ppl publishes 2022 gender & ethnicity pay gap figures

Despite not being formally required to publish its gender and ethnicity pay gap figures, PPL is taking these steps on a voluntary basis as part of its goal to create a more diverse and inclusive company and music industry, with transparency being central to this goal. In doing so, PPL is also affirming its commitment to the UK Music Diversity Taskforce Ten Point Plan, which urges UK Music members to implement better transparency around gender and ethnicity pay gaps and to develop diversity policies and internally set diversity targets for core staff.

Gender Pay Gap

As at April 5 2022, PPL’s mean gender pay gap was 11.7% in favour of men and its median pay gap was 13.6% in favour of men.

Ethnicity Pay Gap

As at 5 April 2022, PPL’s mean ethnicity pay gap is 30.2% in favour of white employees and its median ethnicity pay gap is 17% in favour of white employees.[1]

In a company the size of PPL, the pay for roles at the most senior levels can impact statistics if there are more men than women in those roles, which is currently the case for PPL. Similarly, ethnicity pay gap statistics will be affected by the distribution of white and non-white employees across all levels of the business, which at present sees a greater proportion of non-white staff in the lowest quartile at PPL.

The benefit of having these figures is that PPL can access the impact and effectiveness of the measures it has already put in place to improve representation across all levels of the business and, where necessary, modify or bolster them to address any issues that its analysis of such figures reveals.

As part of its overall EDI strategy, PPL has set out where it wants staff diversity to be in five years from now. Using the most recently available Census data[2] for London and the South East, where 96% of its staff live, PPL has set the following staffing aims:


MaleFemaleBlack, Asian, or Minority EthnicWhite
2027 aim50%50%30%70%
April 5 202261%39%27%73%


PPL is also planning to undertake a campaign around voluntary data disclosure for Disability and LGBTQIA+ to build out a more accurate picture across the business, following which it can establish overall targets for these areas. In the meantime, PPL continues to develop its EDI work and strategy across all aspects of diversity.

To achieve these stated aims, PPL has set a number of priorities with associated deliverables for the next five years, which it is publishing today. The priorities include creating a wholly inclusive environment, altering and enhancing PPL recruitment practices to attract a diverse workforce, expanding development opportunities for future PPL leaders with a focus on underrepresented groups, and driving positive change across the music industry.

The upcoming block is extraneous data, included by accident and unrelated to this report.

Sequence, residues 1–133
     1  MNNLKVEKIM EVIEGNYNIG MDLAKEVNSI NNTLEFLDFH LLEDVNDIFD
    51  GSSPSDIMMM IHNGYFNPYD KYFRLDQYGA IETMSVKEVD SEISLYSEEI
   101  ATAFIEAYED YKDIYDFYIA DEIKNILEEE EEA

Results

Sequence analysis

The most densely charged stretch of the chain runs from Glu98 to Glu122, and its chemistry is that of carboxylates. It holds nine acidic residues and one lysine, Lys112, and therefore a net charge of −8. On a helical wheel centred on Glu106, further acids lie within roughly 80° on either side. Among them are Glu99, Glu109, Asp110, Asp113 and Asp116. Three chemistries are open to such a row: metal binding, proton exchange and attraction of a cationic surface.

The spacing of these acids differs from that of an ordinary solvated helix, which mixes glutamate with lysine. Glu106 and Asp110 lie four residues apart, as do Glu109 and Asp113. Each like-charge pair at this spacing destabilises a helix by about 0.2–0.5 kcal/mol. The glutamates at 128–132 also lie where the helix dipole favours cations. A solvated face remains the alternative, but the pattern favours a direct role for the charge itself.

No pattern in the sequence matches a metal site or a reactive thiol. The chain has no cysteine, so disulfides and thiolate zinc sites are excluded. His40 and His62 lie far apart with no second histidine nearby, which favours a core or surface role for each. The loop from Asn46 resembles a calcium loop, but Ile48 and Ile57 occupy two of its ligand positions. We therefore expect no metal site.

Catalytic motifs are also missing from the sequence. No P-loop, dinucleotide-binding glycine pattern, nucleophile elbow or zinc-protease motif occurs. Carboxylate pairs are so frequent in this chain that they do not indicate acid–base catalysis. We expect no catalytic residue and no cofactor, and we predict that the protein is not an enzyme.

Peter Leathem, Chief Executive Officer at PPL, said:

“For years PPL worked to be a more equitable, diverse and inclusive business. However, after George Floyd’s murder, Black Out Tuesday and the subsequent movement to deliver change, we understood we could do more and do better. We have made important steps in recent years but there is still more to be done. Today’s announcement sets out where we are now and where we want to be and ensures we are accountable to our staff and our industry. This is not only the right thing to do, but it is also good for business – with a more diverse workforce PPL will be a stronger company. Thank you to Kate Reilly for leading the company’s efforts and also to our many partners and friends around the industry for supporting us in our work. We would not be able to do this without them.”

Kate Reilly, Chief People Officer at PPL, said:

“Throughout the last decade, PPL has been on a continuous journey to make the company – and the wider industry – a place that is welcoming to all. We have worked harder to make PPL a better place to work for all staff, regardless of any protected characteristic. Tomi Oyewumi joined us as our first Equity, Diversity and Inclusion Partner and has worked closely with me to develop the aims and strategy that we publish today. As a member of the UK Music Diversity Taskforce, PPL is also working with our fellow member organisations to ensure we are representative of the diverse industry we speak for. Today’s announcement marks another step forward for PPL in becoming a more equitable, diverse and inclusive organisation and I’m looking forward to what we will achieve in the future.”

[1] In the absence of a statutory framework for publishing ethnicity pay gap figures, PPL has based its approach on the model also used for gender pay gap reporting using the broad categories of “white” and “non-white”. Whilst 18 different ethnicity groups are recognised by the Office for National Statistics, it can be difficult for a comparatively small employer like PPL to derive meaningful reporting from using what become very small data samples when split across multiple groupings. Using the broader categories has proved to be a common approach among employers who have undertaken voluntary ethnicity pay gap reporting. However, we will keep our approach under review for future years’ reporting.

[2] The latest Census data was due to be published in February 2022. This has yet to be published and PPL understands this will not happen before summer 2022. PPL is therefore proceeding with 2011 Census data and will review the targets in due course.